95 & 97 Guidelines

mmelcam

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I just went to an aapc seminar and here is how it was explained in the seminar. You can use both 95 and 97 guidelines when choosing an e&m code, just not on the same encounter..... meaning you can't use 95 guidelines on the history portion and 97 guidelines on the exam portion. If you choose 95 guidelines then you have to use it on all three sections (history, exam, medical decision making) when choosing your e&m code.
 

Jackie Stack

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You can use 95 or 97 guidelines when determining your level of service. Use whichever guidelines will benefit you the most for the visit you are looking at. Unless you have stated in your compliance plan that you will only use one or the other an auditor will use the one that benefits you the most when auditing your chart. You cannot use 95 for one part and 97 for another part of the same note.
 

codegirl0422

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I agree. It is important to make sure which one you are to use in your compliance plan.

You can use 95 or 97 guidelines when determining your level of service. Use whichever guidelines will benefit you the most for the visit you are looking at. Unless you have stated in your compliance plan that you will only use one or the other an auditor will use the one that benefits you the most when auditing your chart. You cannot use 95 for one part and 97 for another part of the same note.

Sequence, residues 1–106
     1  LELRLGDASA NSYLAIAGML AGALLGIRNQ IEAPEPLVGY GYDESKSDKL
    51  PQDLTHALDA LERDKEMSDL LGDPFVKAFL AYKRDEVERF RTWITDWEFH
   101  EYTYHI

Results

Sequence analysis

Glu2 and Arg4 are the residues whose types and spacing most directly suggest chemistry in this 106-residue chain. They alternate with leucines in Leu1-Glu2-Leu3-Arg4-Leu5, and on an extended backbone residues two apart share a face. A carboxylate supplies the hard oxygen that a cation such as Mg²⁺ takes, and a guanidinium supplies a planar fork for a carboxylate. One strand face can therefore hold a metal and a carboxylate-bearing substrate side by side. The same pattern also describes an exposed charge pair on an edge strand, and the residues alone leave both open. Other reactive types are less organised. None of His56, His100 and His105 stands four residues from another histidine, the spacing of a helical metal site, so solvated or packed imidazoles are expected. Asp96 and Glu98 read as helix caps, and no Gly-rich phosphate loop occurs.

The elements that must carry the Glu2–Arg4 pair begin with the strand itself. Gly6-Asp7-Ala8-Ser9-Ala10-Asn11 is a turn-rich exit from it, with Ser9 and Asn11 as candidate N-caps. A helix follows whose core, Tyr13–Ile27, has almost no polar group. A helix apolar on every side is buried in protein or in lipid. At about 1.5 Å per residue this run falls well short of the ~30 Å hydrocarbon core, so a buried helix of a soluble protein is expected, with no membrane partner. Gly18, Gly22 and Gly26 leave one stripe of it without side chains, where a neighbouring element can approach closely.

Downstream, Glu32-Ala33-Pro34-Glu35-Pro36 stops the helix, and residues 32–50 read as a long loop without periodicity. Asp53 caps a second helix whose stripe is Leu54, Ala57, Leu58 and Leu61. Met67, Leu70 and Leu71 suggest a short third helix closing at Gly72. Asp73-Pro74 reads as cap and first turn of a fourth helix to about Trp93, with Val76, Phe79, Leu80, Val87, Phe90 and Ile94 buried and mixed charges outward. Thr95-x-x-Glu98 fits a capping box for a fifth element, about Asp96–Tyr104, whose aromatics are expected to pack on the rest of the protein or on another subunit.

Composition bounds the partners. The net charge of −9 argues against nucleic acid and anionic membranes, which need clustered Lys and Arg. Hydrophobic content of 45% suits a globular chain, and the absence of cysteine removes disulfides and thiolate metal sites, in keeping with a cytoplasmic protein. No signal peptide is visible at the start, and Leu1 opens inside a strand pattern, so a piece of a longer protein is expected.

CC5657

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Thanks! Another question, would you use 95 or 97 for a specialists office? I just heard that 95 should be used for a specialist & 97 for PCP's. Has anyone else heard that before???:confused:
 

Jackie Stack

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I work in family practice and I almost always use the 95 guidelines. We also do occupational medicine and many times find it more beneficial to use the 97 guidelines for these claims. I have found that specialists use the 97 guidelines more than the 95 because they are usually dealing with only one body area or organ system.
 

bigredcag

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i work for a multi specialty group. for our specialties(4 different ones) we use 97 guidlines and for Internal med and family practice we also use 97
we use 95 guidlines for occ.med and hospital visits
in our compliance plan it states "even though our forms are set up for 97 guidlines either 95 or 97 can be used for auditing/billing purposes.
this way when i audit i do what is best for the doctors/practice. and i am not restricted incase there is a need to use 95 guidlines.
 

sgochoco

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Difference between 95 & 97 guidelines

The best way to consider this question is to take apart the key components of documentation.

HISTORY: The rules for documenting the PAST MEDICAL, FAMILY and SOCIAL HISTORY and REVIEW OF SYSTEMS are identical for both the 1995 amnd 1997 E/M guidelines. The sole difference lies in the documentation of the HPI. The 1995 rules state that you must use the HPI elements to complete the HPI. A BRIEF HPI requires one to three of the HPI elements while an EXTENDED HPI requires at least four HPI elements. But, there is some language in the 1995 rules that also leaves the door open to documenting an EXTENDED HPI by commenting on four "associated co-morbidities." To be honest, it's not really clear if you can use the co-morbidities or if you have to use the HPI elements when completing the HPI using the 1995 rules. On the other hand, the 1997 E/M guidelines clearly state that you can qualify for an EXTENDED HPI by documenting four HPI elements OR by commenting on "the status of three chronic or inactive conditions."